Extended Acute Sepsis Care in Emergency Departments in NTWC

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Abstract Summary
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Authors (including presenting author) :
Lui CT(1), Ching KC(1), Chan SW(1), Wong SH(2), Wong CY(2), SC Ho(2), Chan YW(1), So FL(2), CC Chan(1), WM Wong(2), H Tang(3), Lee LY(3), Fung HT(1), Lau CL (1)(2)(3)
Affiliation :
(1) Department of Accident and Emergency, Tuen Mun Hospital (2) Department of Accident and Emergency, Pok Oi Hospital (3) Department of Accident and Emergency, Tin Shui Wai Hospital
Introduction :
Sepsis is an emerging clinical condition that is commonly encountered in emergency department (ED) requiring early assessment and intervention to optimize patients’ outcome. Evidence existed to support early septic workup and antibiotic within 60-min pledge could improve patients’ outcome, hospital length of stay and cost.
Objectives :
To conduct a clinical audit to evaluate the epidemiology and impact of standardized guideline for severe sepsis patients on patients’ outcome.
Methodology :
A standardized guideline/protocol was implemented in 3 EDs in NTWC in Mar 2014. Data was extracted for all triage Cat 1 and 2 attendance matching sepsis-related ICD-9 codes. Details of medical records were screened to include adult patients fulfilling severe sepsis criteria. There were 3 periods included: Sep-2012 to Aug 2013 (pre-protocol), Sep-2015 to Aug 2016 and Sep-2017 to Aug-2018 (post-protocol). Measured parameters included blood culture rate, antibiotic delivery in ED, ICU admission, mortality, etc.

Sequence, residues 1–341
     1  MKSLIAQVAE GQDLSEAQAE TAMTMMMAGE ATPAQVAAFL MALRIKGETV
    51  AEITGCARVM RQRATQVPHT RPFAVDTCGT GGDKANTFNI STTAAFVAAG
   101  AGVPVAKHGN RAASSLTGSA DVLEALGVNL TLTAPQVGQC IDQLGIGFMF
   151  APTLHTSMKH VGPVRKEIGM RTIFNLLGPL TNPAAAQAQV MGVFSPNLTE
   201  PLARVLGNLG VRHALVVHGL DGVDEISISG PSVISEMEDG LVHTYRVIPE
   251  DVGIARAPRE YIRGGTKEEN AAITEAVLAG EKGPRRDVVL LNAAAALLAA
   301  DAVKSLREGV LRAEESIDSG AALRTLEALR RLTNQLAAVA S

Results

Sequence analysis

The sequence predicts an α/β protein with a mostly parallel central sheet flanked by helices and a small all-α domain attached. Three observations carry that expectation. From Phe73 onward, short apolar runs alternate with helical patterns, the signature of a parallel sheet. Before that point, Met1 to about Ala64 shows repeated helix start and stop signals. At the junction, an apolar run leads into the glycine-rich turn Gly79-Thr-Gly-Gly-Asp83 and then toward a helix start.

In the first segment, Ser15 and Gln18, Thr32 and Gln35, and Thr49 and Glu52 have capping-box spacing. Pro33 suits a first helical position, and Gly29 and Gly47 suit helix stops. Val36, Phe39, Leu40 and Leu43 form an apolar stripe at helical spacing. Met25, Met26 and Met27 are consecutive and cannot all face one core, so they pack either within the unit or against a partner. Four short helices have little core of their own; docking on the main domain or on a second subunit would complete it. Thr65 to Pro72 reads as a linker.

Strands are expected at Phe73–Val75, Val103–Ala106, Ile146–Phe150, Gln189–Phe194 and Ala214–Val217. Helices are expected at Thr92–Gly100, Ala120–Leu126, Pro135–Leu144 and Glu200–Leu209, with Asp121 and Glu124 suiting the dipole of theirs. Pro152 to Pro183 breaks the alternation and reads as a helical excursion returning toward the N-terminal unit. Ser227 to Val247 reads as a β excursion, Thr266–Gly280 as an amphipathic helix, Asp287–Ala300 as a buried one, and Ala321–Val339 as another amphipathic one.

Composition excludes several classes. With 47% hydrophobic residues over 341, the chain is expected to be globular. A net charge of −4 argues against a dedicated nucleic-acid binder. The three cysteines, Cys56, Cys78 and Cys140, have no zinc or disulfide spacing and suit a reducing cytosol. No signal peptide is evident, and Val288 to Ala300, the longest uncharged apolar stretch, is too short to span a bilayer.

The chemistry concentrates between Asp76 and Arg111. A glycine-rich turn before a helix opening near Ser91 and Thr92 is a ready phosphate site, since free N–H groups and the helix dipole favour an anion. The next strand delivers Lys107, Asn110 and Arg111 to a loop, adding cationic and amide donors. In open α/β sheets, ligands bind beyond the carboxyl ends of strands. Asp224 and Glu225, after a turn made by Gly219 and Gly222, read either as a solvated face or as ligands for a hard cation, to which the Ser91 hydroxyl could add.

Result & Outcome :
The absolute number of severe sepsis cases matched inclusion criteria were 52, 90 and 124 in the 3 periods. Sepsis is an emerging condition presenting to ED. The incidence of severe sepsis per hundred-thousand ED attendances increased from 15 to 35 throughout 2012 to 2017. There was observed increasing trend of urosepsis, intraabdominal sepsis and sepsis of unknown source. There was increasing trend of severe sepsis involving younger patients with age < 65 (from 27% to 32%). The blood culture rate in ED increased from 17.3% to 75.6% and then 87.1%. The antibiotic in ED increased from 19.2% to 90.3% after protocol. Patients received antibiotic within 60-min increased from 15.4% to 83.9%. The median door-to-antibiotic delivery was 35min. The ED to ICU admission rate remained static of 4%. There was observed increased delayed septic shock after admission (from 8% to 16%) and subsequent ICU admission. There was no major change in mortality rate (28.8% to 26.6%). To conclude, sepsis is an emerging challenge of ED. A sepsis protocol in ED could dramatically improve the patient care. Universal sepsis screening tools, risk stratification strategies, and an extended multidisciplinary sepsis care model should be the next step to further upkeep the care standard.

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